Childhood Obesity and Unhappiness: The Influence of Soft Drinks and Fast Food Consumption
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A growing body of literature has examined the determinants of childhood obesity, but little is known about children’s subjective wellbeing. To fulfill this gap, this paper examines the effects of fast food and soft drink consumption on children’s overweight and unhappiness. Using a nationwide survey data in Taiwan and estimating a simultaneous mixed equation system, our results generally suggest a tradeoff in policy implication. Fast food and soft drink consumption tend to be positively associated with children’s increased risk of being overweight but they are also negatively associated with their degree of unhappiness. Current and future policy/program interventions that aim to decrease fast food and soft drinks consumption of children to reduce childhood obesity may be more effective if these interventions also focus on ways that could compensate the increase in degree of unhappiness among children.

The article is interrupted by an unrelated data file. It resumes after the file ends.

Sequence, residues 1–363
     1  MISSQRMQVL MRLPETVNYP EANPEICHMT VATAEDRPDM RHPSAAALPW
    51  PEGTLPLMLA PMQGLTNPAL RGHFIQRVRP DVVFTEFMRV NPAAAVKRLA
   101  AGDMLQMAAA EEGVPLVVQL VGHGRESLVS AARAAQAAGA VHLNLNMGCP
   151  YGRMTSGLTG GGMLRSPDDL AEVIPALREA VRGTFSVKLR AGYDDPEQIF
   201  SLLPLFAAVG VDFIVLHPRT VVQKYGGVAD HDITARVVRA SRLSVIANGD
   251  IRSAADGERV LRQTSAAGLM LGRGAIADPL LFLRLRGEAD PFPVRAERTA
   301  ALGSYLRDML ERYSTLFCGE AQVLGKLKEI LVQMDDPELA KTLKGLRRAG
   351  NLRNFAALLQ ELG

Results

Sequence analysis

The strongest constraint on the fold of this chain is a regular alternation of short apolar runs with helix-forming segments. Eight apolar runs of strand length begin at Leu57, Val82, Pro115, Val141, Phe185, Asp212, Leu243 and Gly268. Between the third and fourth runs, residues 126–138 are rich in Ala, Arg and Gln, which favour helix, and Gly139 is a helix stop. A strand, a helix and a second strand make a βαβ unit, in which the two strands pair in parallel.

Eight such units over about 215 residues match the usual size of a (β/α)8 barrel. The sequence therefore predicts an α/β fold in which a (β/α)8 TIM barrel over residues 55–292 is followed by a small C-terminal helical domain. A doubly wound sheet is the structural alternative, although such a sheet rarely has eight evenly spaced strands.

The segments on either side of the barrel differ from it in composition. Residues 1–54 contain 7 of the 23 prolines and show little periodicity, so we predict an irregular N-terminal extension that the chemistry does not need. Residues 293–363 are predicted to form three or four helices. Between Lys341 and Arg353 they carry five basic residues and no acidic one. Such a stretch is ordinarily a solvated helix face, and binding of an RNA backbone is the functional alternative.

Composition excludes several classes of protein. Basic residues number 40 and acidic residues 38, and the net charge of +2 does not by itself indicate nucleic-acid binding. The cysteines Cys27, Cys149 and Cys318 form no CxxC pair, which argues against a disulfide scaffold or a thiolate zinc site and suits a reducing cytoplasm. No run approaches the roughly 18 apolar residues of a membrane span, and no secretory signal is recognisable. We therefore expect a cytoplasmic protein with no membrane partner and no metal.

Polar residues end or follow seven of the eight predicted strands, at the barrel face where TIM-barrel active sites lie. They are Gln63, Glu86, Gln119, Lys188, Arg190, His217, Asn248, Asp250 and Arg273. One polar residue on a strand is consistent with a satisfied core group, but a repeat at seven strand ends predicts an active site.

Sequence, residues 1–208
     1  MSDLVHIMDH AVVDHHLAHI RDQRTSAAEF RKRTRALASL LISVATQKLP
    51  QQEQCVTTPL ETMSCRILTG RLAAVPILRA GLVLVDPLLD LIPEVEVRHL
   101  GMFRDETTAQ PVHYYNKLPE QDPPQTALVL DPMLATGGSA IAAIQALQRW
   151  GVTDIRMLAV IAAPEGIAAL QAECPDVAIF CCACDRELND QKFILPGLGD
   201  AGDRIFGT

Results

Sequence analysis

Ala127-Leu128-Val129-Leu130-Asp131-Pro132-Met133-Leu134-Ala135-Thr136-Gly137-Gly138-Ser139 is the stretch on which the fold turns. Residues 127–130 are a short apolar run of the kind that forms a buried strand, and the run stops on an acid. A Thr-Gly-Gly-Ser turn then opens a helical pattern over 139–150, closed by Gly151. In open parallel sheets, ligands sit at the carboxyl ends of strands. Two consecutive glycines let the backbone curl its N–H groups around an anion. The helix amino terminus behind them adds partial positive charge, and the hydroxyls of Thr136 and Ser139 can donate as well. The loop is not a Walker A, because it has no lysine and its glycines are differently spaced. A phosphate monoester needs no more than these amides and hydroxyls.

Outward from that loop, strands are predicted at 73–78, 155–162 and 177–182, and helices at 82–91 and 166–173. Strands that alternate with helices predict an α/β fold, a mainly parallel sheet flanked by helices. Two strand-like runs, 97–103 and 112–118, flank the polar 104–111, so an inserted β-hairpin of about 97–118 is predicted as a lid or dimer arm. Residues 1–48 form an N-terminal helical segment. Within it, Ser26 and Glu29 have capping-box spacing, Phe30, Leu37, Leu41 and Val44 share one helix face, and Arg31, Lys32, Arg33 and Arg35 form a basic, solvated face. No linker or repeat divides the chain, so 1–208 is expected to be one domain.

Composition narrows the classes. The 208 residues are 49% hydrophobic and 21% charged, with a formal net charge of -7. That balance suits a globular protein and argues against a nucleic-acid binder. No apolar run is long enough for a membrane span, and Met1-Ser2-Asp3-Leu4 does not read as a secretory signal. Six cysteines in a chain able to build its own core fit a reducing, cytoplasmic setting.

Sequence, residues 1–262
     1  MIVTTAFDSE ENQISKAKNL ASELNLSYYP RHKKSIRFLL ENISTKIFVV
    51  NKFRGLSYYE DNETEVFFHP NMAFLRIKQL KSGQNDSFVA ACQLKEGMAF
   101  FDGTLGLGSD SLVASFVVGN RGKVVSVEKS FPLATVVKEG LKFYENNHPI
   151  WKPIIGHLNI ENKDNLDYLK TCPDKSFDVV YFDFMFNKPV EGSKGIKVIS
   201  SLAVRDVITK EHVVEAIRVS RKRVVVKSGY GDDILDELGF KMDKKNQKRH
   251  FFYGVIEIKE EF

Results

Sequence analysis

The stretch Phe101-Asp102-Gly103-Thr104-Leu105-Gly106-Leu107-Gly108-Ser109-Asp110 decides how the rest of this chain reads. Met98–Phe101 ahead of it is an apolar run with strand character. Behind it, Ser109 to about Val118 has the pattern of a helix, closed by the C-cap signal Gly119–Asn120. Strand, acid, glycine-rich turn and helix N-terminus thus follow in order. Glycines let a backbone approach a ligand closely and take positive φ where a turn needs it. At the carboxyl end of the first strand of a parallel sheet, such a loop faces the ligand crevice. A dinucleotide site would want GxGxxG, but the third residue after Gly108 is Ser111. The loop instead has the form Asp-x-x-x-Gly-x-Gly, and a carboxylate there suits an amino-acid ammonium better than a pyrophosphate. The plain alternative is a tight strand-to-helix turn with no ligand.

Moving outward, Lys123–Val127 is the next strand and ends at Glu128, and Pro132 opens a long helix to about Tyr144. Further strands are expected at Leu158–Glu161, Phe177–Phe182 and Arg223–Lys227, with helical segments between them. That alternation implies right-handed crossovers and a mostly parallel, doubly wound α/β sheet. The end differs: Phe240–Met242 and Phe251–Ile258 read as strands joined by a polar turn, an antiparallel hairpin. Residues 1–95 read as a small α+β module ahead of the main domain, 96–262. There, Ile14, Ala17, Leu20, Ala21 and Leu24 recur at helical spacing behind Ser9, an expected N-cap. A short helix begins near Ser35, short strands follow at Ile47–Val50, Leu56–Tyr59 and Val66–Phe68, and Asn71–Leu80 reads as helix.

KeywordsUnhappiness Childhood obesity Fast food Soft drink Taiwan
Hung-Hao Chang acknowledges partial funding support from the National Science Counsel of Taiwan under Grant No: 95-2415-H-002-041. The data used in the analysis is provided by the Bureau of Health Promotion, Department of Health and National Health Research Institute in Taiwan. The interpretation and conclusions do not represent those of Department of Health and National Health Research Institute. The authors accept responsibility for any remaining errors or omissions.
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